Diana Cowper plans her own funeral, then ends up strangled in her apartment the same afternoon. Thus begins this ingenious meta-mystery, a twisty labyrinth of whodunits that brilliantly blurs the line between fiction and reality as the author himself is drawn into the plot which he cannot control. Clever, witty, irresistible fun.
This collection cements McGuane's reputation as a keen writer of underexplored territories. Masculinity is much on his mind, but he’s not much for machismo. A stellar writer on the outdoors, he's equally adept at portraying the interior wildernesses of characters that fail to connect within complex webs of pathos and humor on America's outskirts.
Hanif Willis-Abdurraqib writes elegies and blessings for reality as we live it, flawed but beautiful, pop-culture landmarks mingling with moments of otherworldy sorrow and joy. This spoken word master comes off the page as strong as he does off the stage, weaving expansive, lyrical miracles of music, image, and word. A welcome voice in poetry.
Among writers, John McPhee is in a class all his own. Lucky for aspiring writers, McPhee is teaching a masterclass in writing creative nonfiction in this collection of craft essays originally published in The New Yorker. If you want to learn from the master, read this book. (Then read all his other books.)
Claveloux's boldly imagined comics open up electrifying dreamworlds of unparalleled strangeness and beauty.The New York Review of Comics reissue of her stories is a hallucinatory experience, perfect for fans of David Lynch, Robert Crumb, french surrealism, acid trips, or Heavy Metal (magazine).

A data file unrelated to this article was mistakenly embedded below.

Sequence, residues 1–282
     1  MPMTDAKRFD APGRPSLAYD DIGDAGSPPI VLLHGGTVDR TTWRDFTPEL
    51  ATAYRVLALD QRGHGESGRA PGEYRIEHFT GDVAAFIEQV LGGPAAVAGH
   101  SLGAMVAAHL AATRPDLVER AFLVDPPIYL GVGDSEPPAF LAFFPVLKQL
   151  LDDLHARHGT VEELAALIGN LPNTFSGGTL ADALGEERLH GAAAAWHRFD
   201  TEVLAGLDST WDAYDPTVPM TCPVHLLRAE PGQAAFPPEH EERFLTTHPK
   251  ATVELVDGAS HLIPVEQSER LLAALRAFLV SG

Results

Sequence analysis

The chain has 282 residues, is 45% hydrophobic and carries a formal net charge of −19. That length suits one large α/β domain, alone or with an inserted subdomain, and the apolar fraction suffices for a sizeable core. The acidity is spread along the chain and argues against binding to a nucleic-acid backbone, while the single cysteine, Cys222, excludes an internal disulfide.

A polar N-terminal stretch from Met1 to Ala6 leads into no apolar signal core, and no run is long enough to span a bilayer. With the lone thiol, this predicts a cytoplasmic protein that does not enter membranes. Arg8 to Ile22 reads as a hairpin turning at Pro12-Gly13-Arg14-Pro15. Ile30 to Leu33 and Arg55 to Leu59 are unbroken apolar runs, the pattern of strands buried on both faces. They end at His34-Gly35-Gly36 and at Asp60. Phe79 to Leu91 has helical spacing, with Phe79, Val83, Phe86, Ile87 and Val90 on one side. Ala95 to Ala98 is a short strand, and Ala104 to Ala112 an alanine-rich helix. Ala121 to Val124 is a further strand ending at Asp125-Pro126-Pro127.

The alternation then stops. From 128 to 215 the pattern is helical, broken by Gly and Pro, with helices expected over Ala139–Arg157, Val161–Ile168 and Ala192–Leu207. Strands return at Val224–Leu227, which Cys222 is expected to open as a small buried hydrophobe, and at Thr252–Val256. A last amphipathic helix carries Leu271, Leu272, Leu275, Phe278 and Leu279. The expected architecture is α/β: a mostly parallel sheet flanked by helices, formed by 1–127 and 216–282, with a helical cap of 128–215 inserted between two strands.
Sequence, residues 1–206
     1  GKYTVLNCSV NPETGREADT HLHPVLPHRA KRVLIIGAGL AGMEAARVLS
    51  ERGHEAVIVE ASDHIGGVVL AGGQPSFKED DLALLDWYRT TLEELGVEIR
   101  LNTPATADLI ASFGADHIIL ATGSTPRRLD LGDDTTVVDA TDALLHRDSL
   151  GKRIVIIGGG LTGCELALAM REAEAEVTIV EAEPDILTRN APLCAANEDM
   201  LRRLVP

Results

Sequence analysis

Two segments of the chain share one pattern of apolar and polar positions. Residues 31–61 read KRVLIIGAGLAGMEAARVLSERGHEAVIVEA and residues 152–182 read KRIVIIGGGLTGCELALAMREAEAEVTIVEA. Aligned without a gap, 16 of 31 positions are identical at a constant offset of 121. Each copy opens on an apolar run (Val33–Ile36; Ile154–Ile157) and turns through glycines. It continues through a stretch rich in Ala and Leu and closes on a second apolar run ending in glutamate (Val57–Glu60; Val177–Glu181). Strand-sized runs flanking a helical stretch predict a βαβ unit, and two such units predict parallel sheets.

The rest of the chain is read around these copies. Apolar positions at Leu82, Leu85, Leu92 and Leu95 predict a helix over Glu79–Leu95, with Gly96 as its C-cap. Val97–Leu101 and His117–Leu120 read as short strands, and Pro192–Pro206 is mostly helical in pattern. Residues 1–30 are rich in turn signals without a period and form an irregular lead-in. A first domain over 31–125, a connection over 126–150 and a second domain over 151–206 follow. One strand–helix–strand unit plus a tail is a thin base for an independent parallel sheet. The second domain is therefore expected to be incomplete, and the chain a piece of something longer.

Cunningham has reimagined some classic tales, fleshing them out to provide the bits that never were told - humor and compassion which bring the tales to life like never before. Brilliantly illustrated by Yuko Shimizu. Fairy tales for our times.
At it's most useful, science fiction and fantasy points to and expands on some new or problematic aspect of contemporary society. And few writers bring the issues and concerns of the real world into their imagined worlds as deftly as Liu, whose stories return ever again to the ideas around heritage, identity, personhood, and family. A unique talent.
Hayes' poetic voice is a vital part of my poetry intake. Meaning-making, music-making, whatever poetry is, whatever happens to make a collection of words glimmer from the page to detonate in the mind...Hayes does this repeatedly. A new collection from Hayes is the perfect jump-start for readers who need a poetry kick.
McGuane's stories make me think of a Cormac McCarthy tale as directed by Joel and Ethan Coen: a dark comedy of errors, told in stark prose with flawed characters doing what is all too human, if tragic and sometimes fatal. Highly recommended.